The building with an L-shaped ground plan has a high ground level and contains a cellar which has windows. The manor's facade, facing the street is defined by pilasters with plinths and capitals. The building has jack arched windows with window sills under them. The decoration runs down on the first window of the southern side-facade. At the meeting point of the two facade there can be seen a bastion-like turret.
The renovated building of the manor is currently housing a kindergarten and the elementary school is named after Endes József. His memory is maintained by the memorial plaque located on the facade of the manor, stating: “Ebben az épületben született, élt és halt meg ENDES JóZSEF honvédőrnagy (1811-1806 ); az 1848-49-es magyar szabadságharc hőse”. (In this building was born, lived and died ENDES JóZSEF Major(1811-1806 ); hero of the Hungarian Revolution of 1848-49).
The fortress was first attested in 1456, but most probably it dates from the 14th century. The history of the building is closely related to the locality of Făgăraş, first mentioned in 1428. The fortress of Făgăraş was one of the largest in the province, and the history of the region was linked to this fortress that dominated the surroundings.
The free-standing building with an E-shaped ground plan is defined by an open arched portico, located on the main facade of the manor. This portico with a triangular frontispiece is standing in a ruinous condition. The protruding side avant-corps's frontispiece has a trapezoidal shape and contains three ventilation windows. The manor is covered with a jerkin-head roof.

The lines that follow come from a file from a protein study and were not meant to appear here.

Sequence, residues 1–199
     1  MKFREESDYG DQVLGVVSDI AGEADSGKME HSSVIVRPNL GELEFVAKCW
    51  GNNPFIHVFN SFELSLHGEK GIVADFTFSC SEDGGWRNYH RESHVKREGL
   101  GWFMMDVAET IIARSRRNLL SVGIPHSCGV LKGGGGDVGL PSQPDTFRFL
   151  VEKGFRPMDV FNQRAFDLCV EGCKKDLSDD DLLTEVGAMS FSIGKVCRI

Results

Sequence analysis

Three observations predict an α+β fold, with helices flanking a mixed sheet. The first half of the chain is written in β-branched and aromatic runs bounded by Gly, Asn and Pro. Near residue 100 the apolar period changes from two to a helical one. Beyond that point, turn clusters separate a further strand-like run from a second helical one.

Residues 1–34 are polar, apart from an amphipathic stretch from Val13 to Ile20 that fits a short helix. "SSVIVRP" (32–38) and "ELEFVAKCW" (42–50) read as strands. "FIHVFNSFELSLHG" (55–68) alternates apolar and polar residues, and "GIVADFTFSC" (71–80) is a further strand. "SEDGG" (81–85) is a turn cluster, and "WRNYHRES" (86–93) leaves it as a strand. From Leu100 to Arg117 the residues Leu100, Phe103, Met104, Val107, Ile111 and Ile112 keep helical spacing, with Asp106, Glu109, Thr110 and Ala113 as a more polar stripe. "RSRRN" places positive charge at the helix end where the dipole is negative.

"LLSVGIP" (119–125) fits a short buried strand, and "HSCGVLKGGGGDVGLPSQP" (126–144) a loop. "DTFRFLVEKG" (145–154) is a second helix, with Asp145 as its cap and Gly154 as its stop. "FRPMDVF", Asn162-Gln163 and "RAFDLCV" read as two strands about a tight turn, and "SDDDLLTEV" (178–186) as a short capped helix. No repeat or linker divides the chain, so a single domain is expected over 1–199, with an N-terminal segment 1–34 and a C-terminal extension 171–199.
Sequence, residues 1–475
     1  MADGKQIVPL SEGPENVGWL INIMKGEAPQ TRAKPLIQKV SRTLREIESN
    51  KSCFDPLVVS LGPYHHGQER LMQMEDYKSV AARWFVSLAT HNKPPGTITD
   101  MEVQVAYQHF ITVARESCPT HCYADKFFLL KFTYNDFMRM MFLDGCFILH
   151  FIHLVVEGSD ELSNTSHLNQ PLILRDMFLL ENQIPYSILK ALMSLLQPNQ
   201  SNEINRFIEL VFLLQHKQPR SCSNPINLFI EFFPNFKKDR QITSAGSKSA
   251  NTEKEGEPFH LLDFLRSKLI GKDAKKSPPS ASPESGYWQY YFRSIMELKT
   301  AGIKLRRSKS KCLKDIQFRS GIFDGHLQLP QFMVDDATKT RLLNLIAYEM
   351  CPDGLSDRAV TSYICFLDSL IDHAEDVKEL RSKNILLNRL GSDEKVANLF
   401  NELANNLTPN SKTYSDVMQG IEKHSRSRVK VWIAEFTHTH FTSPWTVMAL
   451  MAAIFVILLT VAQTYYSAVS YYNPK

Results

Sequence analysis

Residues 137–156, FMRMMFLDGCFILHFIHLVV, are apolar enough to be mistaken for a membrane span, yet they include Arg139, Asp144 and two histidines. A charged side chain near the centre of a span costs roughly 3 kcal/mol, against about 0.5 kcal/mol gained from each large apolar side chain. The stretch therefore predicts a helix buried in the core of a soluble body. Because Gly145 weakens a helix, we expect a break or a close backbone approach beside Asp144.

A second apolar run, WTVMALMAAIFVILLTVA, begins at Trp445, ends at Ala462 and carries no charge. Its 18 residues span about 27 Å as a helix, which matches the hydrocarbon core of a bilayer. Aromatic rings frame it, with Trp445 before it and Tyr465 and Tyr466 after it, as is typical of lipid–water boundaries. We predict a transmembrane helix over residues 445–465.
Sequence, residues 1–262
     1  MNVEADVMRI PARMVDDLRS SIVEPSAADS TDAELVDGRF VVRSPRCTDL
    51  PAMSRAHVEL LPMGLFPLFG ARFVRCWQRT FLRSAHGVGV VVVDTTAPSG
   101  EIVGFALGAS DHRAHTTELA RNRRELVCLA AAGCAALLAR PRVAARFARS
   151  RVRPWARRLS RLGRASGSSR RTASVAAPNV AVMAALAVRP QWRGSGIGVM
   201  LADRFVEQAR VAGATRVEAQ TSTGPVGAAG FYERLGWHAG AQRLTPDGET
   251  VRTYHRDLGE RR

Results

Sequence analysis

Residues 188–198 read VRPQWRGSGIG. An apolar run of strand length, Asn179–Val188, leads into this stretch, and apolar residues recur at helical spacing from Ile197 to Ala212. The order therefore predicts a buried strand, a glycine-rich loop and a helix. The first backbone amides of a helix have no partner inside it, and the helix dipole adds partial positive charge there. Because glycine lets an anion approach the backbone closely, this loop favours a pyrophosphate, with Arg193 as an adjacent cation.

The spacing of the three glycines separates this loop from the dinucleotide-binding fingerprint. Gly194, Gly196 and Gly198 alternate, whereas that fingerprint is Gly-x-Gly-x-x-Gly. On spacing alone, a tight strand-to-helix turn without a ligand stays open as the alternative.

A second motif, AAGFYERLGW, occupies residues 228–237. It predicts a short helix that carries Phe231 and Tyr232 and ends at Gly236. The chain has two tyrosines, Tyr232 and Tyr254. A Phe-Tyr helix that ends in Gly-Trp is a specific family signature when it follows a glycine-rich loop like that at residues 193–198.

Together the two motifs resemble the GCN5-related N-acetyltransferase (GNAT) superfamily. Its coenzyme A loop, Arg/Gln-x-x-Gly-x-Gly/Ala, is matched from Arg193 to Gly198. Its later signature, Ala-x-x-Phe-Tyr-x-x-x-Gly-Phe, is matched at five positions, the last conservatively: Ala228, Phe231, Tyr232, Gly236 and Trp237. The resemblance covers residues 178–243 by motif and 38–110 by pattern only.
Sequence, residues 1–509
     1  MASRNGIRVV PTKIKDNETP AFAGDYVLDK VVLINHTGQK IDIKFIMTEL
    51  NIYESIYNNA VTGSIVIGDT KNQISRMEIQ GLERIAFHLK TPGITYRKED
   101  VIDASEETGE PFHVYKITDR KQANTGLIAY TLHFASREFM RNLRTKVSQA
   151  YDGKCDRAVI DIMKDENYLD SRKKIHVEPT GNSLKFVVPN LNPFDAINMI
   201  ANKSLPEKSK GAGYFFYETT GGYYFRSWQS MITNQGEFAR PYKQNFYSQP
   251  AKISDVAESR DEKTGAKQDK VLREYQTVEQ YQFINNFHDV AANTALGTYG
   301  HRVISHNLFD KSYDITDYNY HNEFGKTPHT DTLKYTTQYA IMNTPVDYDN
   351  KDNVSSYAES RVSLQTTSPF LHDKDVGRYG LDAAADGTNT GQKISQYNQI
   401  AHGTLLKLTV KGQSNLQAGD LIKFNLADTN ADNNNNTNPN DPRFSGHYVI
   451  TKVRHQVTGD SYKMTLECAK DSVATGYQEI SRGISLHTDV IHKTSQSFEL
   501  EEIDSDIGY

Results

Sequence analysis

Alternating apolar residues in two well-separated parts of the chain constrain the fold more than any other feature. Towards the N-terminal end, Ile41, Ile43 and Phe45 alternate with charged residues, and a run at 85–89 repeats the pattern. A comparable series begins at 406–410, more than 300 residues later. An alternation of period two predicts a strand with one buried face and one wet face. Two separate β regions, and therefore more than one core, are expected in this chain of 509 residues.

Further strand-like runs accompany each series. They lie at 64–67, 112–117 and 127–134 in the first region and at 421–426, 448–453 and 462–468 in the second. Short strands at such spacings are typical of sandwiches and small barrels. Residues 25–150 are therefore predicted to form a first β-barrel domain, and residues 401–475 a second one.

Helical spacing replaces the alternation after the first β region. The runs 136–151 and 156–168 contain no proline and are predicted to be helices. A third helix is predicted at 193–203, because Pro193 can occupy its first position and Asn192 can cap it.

The two-storey, late-baroque castle has a U-shaped layout, short wings and a small interior courtyard. Archways originally opened towards the courtyard from both levels; however, the upper archway was later glassed in. The main facade is symmetrical and divided into nine axes. A portico was constructed along the central axis.
In front of the middle risalit of the original building, with rectangular ground plan and jerkinhead roof, it was built a portico with tympanum and columns. Following the renovation, according to the purpose of function, the columns dissappeared, the windows were replaced and new doors were cut in several places in the building.The building's western end was extended with new parts.
The estate from Ciutelec was received in 1608 by Fráter Pál, captain of the Castle of Sâniob, as a donation from Gabriel Báthory, the Prince of Transylvania. His son, II. Pál fought on the side of I. Rákóczi György and Kemény János. The settlement was was destroyed during the Turkish invasion. As the former manor was built on a hillside, the old part became a two-storey construction. The window frames are dated from the first decades of the 19th century.
The columns of the risalit results an interesting combination of an arcaded porch and an open terrace. The tympanum above the columns is reminiscent of the Rococo style. On the central part of the side facade, the two side wings are closing an open terrace. The symmetry of the manor was disrupted by the extension of an eastern wing. The building with 21x15 m ground area was built from bricks, as appropriate to that period.
The manor is covered with French roof and its arcaded driveway is decorated by a baroque gable supported on pilasters with capitals. Most probably the original windows of the 11-axis main facade were baroque-framed. The manor was once surrounded by a park, its gate's columns made of brick are still standing.